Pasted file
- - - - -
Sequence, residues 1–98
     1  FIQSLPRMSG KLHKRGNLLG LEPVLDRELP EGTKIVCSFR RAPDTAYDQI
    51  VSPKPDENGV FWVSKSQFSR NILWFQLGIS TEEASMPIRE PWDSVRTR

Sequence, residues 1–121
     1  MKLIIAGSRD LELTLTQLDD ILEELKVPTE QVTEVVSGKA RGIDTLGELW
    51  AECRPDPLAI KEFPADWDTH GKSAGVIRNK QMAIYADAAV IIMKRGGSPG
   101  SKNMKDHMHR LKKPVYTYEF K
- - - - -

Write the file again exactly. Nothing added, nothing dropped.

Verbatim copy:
Sequence, residues 1–98
     1  FIQSLPRMSG KLHKRGNLLG LEPVLDRELP EGTKIVCSFR RAPDTAYDQI
    51  VSPKPDENGV FWVSKSQFSR NILWFQLGIS TEEASMPIRE PWDSVRTR

Sequence, residues 1–121
     1  MKLIIAGSRD LELTLTQLDD ILEELKVPTE QVTEVVSGKA RGIDTLGELW
    51  AECRPDPLAI KEFPADWDTH GKSAGVIRNK QMAIYADAAV IIMKRGGSPG
   101  SKNMKDHMHR LKKPVYTYEF K